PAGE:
Why did I do that cover? Well, I'm a storyteller not a designer or marketing man and so I can't help but think about covers as symbolising something about the book itself. In this case the relationship between Quixote and the world is summed up pretty well: he is connected to the real world, tenuously, by the rope and he is making a leap of faith into the unknown that is idiotic and courageous in equal measure. When I drew it it reminded me of those images of spacemen in orbit that always look like embryonic babies, all very 2001 (The Kubrick version not the 9/11 Kylie Minogue version). That babies/death/infinity thing is the way to sell a funny book I decided.
In Volume Two Quixote looks much the same. He had to. In comics we rely on a recognisable silhouette (or distinctive features or colouring) because like letter recognition to a child it is essential for reading. Comics are there to be read, comics where you spend ages working out what's going on in the lovely intricate pictures and wondering who is who are never a smooth read.
Here are those silhouettes at work, a couple of scribbles setting off on another adventure. Yes, once again this book is about those two idiots riding their useless mounts along dusty roads in the baking sun.
The difference here is that things are a bit darker. The book ends in death. He pops up throughout the book like signposts, or omens or whatever.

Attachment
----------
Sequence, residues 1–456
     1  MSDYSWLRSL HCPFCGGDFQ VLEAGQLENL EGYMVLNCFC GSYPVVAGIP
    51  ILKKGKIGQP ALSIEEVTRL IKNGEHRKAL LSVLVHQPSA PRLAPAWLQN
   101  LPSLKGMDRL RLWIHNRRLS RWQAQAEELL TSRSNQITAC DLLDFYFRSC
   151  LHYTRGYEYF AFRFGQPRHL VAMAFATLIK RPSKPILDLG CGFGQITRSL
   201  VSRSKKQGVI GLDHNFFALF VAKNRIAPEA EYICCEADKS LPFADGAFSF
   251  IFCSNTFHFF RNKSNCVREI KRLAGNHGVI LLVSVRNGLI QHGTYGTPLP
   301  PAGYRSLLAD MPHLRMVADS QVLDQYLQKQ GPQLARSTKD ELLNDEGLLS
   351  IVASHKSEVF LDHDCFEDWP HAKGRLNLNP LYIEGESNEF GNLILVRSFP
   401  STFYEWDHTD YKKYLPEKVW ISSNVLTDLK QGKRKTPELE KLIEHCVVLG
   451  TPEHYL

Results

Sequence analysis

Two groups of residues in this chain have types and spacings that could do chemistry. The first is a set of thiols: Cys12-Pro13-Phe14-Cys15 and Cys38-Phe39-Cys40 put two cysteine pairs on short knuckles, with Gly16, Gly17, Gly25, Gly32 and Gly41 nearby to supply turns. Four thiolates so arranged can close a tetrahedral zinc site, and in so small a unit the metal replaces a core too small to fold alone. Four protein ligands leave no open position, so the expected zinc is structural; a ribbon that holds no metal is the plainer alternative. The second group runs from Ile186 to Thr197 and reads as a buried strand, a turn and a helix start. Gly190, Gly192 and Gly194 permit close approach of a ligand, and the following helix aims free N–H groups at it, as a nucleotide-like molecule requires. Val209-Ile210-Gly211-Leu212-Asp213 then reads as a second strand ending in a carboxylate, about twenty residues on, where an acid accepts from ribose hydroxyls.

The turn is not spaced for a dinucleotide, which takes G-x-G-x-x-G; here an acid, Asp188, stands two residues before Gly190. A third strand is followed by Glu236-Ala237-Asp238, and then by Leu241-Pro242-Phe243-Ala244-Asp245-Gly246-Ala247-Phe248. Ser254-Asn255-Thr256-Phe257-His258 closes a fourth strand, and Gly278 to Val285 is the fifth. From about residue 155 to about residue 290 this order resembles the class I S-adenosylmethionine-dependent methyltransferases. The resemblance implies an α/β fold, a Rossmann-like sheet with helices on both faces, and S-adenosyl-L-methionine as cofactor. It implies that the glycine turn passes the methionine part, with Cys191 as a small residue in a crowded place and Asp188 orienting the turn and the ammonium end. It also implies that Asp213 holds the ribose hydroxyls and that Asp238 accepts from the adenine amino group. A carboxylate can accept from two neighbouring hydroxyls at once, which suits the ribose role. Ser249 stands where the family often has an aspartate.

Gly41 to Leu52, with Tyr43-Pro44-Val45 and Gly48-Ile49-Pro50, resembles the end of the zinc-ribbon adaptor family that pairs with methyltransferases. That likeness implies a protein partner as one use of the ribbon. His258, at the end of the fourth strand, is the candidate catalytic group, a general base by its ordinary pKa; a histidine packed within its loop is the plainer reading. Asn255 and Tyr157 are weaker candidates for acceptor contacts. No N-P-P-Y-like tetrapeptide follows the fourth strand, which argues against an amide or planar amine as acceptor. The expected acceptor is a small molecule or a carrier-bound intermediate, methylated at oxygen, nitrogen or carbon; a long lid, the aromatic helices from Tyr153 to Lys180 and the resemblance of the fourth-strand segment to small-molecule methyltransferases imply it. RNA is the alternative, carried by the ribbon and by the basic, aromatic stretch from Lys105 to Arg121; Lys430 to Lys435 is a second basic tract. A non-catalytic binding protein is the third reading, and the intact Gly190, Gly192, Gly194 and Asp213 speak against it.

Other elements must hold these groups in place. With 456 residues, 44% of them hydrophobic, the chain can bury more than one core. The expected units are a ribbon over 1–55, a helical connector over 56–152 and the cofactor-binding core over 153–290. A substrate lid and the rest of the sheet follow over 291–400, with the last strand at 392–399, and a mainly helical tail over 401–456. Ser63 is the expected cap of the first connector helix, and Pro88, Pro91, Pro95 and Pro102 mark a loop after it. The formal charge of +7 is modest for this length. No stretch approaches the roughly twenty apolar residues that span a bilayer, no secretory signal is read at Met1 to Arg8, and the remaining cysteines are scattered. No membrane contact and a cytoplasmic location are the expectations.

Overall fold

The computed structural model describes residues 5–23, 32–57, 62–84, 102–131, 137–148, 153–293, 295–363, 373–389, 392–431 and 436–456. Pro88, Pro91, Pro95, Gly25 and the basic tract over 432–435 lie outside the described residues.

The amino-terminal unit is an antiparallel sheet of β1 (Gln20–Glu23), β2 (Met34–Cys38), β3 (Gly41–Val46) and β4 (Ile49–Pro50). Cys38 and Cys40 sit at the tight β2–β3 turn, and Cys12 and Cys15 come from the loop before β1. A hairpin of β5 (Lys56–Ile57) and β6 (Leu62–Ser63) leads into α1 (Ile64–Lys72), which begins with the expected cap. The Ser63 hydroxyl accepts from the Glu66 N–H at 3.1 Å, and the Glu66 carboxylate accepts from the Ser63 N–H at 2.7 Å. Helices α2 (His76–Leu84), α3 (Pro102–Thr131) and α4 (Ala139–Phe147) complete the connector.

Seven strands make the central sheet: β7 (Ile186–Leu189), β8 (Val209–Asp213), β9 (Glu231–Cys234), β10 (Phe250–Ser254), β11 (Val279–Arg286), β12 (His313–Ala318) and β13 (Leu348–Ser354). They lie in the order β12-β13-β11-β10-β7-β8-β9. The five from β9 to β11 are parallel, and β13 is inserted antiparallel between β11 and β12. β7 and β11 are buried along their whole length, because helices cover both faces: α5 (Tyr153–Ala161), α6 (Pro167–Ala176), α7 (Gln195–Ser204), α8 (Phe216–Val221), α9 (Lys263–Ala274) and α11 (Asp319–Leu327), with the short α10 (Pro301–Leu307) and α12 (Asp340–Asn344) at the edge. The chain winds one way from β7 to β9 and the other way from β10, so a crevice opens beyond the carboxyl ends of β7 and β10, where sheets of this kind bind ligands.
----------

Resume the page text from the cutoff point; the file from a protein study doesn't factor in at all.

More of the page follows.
Darker book. Darker cover. And as with any book about death... hilarity ensues.
There are campfires in Volume Two. They were very popular in Volume One and setting aside their primal significance in the art of storytelling they allow me to draw some shadows.
I like drawing shadows. But when I started drawing Quixote I knew I'd be colouring it as well, so made a decision to draw the lines and use two or three tone flat colour for the shadows. It's better for me to be able to draw for the colour rather than use the colour as some kind of fanciness that I frilly the picture up with after it's done.
Couple of splashes of sunlight on a swarthy face tells us so much. Alas there are moments in Volume Two where the colour goes a bit hallucinatory. The symbolism of having Quixote fight this chap (pictured below) is as mind-boggling as his suit of armour suggests.
But generally I still try to keep the colour simple, picking out the shapes the reader needs to identify at speed and bringing a temperature and hue that reflects the time of day or mood or whatever.
So, plenty of fun and japes (and death) to come in Volume Two, plus Lions and Weddings and puppet shows, spanked arses, cat scratches and caves. Deep dark caves.
More on what to expect from Volume Two in the next blog post, but for now here's that dark cover to The Complete Don Quixote which will be released in the US next may through Abrams. Link to the SMH catalogue here: http://issuu.com/selfmadehero/docs/smh_usa_springcatalogue_issuu